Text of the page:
One of the most progressive and enterprising business men of Monroe county is Amos F. Miller, who is connected with one of the largest cheese factories in the county. By his progressive spirit and unflagging energy he has contributing in a large measure to the business activity of Bluff Creek township, and is regarded as a man of force and worth in the business world. Mr. Miller was born in Ripley county, Indiana, on the 28 th of January, 1855, and is a son of Henry and Mary R. ( Hiteman ) Miller. The father, who was of German origin, was a native of France, but when a mere boy he left his home across the sea and came to the United States. The year 1858 witnessed his arrival in the Hawkeye state, and a location was made near the vicinity of Hiteman in Monroe county, that village having been named in honor of an uncle of our subject. Both Mr. and Mrs. Miller died in Pottawattomie county, Iowa, the former at the age of seventy-nine years and the latter when fifty-nice years of age. They became the parents of twelve children, ten of whom are still living.
Amos F. Miller was early inured to the labors of the farm, and he continued to reside on the old home farm until the 11 th of March, 1881, when he was married to Martha E. Williams. She was born in Kansas, and by her marriage has become the mother of six children, one of whom died in infancy, and those living are: Amy, who became the wife of J.C. Moore; and Henry E., Charles M., Anna L., and Mildred E., at home. All are receiving excellent education privileges, and they will no doubt prove an honor to the honored family name. After his marriage Mr. Miller located on a farm near Avery, Monroe county, Iowa, where he conducted a cheese factory for one year, he having learned that business prior to his marriage. Removing thence to Lynnville, Iowa, he resumed the same occupation, and after residing there for a time located southeast of Albia.
Three years later he came to his present location, four miles northwest of that city, where he is now serving as the manager, treasurer and salesman of one of the largest cheese factories in the county. This concern has a capacity of seven thousand pounds of milk daily, and furnishes employment to many men. The plant is now equipped with modern machinery and all accessories for facilitating the work and rendering the product of value on the market by reason of its excellent quality.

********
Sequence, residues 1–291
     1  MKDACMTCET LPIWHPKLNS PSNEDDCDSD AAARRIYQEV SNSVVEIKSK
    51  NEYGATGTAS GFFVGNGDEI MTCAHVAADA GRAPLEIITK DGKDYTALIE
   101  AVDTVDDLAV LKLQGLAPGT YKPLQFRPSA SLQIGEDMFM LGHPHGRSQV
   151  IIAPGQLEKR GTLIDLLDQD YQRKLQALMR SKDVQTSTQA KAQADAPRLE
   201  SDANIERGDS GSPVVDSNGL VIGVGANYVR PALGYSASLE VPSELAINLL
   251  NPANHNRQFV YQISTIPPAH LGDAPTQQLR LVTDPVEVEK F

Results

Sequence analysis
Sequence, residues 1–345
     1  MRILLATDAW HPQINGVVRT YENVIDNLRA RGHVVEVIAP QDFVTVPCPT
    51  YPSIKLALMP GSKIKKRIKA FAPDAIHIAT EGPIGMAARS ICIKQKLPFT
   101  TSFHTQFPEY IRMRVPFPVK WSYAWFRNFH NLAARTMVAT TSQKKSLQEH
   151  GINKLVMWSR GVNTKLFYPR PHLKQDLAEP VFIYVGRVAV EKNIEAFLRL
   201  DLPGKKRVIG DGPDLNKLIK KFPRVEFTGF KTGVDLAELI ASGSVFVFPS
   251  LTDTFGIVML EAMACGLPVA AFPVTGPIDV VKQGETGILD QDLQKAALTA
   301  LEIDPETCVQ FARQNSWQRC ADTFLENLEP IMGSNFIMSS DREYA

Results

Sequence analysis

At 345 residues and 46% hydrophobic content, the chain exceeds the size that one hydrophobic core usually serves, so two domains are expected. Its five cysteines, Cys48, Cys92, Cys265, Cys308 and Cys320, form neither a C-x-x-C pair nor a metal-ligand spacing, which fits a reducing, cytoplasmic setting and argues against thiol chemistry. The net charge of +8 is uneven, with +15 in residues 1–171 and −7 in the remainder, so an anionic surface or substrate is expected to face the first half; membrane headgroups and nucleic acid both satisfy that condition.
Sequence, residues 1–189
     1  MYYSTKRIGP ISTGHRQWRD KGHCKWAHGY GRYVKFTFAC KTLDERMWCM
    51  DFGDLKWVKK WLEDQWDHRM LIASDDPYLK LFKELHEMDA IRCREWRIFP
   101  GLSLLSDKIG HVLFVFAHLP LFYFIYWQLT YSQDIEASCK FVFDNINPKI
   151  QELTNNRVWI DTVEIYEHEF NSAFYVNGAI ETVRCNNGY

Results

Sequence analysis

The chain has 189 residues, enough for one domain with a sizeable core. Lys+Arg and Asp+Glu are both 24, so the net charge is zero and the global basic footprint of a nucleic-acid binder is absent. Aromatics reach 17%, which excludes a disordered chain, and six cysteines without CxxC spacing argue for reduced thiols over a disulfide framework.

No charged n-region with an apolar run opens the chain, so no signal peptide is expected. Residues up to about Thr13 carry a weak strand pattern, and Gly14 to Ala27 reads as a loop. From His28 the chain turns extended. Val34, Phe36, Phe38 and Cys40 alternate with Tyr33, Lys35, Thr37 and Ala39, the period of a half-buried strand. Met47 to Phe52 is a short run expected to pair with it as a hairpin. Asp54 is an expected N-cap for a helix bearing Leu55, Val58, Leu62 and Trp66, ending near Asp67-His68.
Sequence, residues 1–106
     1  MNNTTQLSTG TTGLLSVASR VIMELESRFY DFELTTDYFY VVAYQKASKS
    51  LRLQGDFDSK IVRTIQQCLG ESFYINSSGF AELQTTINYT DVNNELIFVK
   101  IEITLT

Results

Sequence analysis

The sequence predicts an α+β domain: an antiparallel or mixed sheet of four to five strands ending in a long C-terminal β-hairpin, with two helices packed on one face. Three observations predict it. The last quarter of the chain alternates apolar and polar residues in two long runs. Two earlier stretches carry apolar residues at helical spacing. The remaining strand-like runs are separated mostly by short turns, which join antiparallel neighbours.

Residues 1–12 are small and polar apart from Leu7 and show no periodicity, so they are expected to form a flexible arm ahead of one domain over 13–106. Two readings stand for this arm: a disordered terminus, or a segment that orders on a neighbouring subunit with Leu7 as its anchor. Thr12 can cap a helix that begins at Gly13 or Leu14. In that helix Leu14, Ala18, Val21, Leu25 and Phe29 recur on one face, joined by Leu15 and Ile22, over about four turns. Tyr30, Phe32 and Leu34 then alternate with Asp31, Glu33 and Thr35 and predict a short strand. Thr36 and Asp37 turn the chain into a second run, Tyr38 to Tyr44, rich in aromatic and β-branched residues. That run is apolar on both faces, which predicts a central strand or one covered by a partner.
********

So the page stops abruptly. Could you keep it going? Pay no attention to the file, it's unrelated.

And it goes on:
Mr. Miller is also the owner of a valuable farm, and is one of the substantial business men of Monroe county. He was reared in the faith of the Republican party and was one of its supporters until the Prohibition agitation in Iowa, when he supported Grover Cleveland in his first race for the presidency, and continued to uphold Democratic principles until the nomination of William J. Bryan. Since that time he has exercised his right of franchise in support of the men and measures of the Republican party. For one term he served as assessor of his township, for many years was a member of the school board, and is now school secretary and township trustee, being incumbent of the latter position by appointment. The family attend the services of the Methodist Episcopal church.
Henry Miller, who has departed this life but is yet remembered by the citizens of Albia as a man of genuine worth, was born in Union county, Indiana, September 22, 1828. His father, Daniel Miller, was on of the substantial and prominent men of that county. He was also a minister of the German Baptist church, and did much good work for the cause of Christianity during the years of his active pastoral labors. He resided in Indiana until the latter part of the fifties, when he came with his family to Iowa, settling in Monroe county.
Henry Miller, however, did not remove to this state until several years later, at which time he also became a resident of Monroe county. He had been reared in Indiana, obtaining a common school education there, and on October 31, 1850, he was united in marriage to Miss Susannah Kingery, a native of Union county, that state, born July 18, 1828. She was the youngest of five children, and when but seven years of age was left an orphan. By her marriage she became the mother of the following named: Riley, Monroe, Willie and Anna, all deceased; Maria, Emma and Frances, who are living. Of the surviving members of the family Maria is the only one unmarried, and she makes her home with her mother.
At the time of the Civil war Henry Miller's sympathies were enlisted with the Union cause, and with interest he watched the progress of hostilities. In 1864, at what was probably the darkest period of our country's history, he felt that his first duty was to the government, and he offered his services to the country, remaining at the front until the close of the war, when he was mustered out. Meritorious conduct upon the field of battle had won him promotion to the rank of lieutenant, and he returned home with a most creditable military record.